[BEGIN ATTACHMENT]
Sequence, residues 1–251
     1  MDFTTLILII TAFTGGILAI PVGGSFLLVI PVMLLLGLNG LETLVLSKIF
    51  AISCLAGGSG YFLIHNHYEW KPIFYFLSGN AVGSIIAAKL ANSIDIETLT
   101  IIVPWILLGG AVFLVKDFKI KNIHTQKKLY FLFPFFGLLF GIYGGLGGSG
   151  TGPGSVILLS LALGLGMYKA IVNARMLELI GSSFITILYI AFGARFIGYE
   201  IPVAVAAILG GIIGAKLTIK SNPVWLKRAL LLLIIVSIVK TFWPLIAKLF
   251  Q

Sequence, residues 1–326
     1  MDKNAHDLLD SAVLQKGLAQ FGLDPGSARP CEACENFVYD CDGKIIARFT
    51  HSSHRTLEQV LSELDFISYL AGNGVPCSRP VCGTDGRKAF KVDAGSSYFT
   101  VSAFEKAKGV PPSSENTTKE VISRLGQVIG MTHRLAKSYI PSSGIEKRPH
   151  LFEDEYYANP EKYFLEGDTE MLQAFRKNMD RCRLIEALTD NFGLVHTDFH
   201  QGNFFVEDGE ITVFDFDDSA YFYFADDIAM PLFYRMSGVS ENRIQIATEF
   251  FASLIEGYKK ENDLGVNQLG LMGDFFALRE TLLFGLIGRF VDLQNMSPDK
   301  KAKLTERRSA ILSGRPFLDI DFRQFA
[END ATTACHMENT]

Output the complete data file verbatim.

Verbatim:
Sequence, residues 1–251
     1  MDFTTLILII TAFTGGILAI PVGGSFLLVI PVMLLLGLNG LETLVLSKIF
    51  AISCLAGGSG YFLIHNHYEW KPIFYFLSGN AVGSIIAAKL ANSIDIETLT
   101  IIVPWILLGG AVFLVKDFKI KNIHTQKKLY FLFPFFGLLF GIYGGLGGSG
   151  TGPGSVILLS LALGLGMYKA IVNARMLELI GSSFITILYI AFGARFIGYE
   201  IPVAVAAILG GIIGAKLTIK SNPVWLKRAL LLLIIVSIVK TFWPLIAKLF
   251  Q

Sequence, residues 1–326
     1  MDKNAHDLLD SAVLQKGLAQ FGLDPGSARP CEACENFVYD CDGKIIARFT
    51  HSSHRTLEQV LSELDFISYL AGNGVPCSRP VCGTDGRKAF KVDAGSSYFT
   101  VSAFEKAKGV PPSSENTTKE VISRLGQVIG MTHRLAKSYI PSSGIEKRPH
   151  LFEDEYYANP EKYFLEGDTE MLQAFRKNMD RCRLIEALTD NFGLVHTDFH
   201  QGNFFVEDGE ITVFDFDDSA YFYFADDIAM PLFYRMSGVS ENRIQIATEF
   251  FASLIEGYKK ENDLGVNQLG LMGDFFALRE TLLFGLIGRF VDLQNMSPDK
   301  KAKLTERRSA ILSGRPFLDI DFRQFA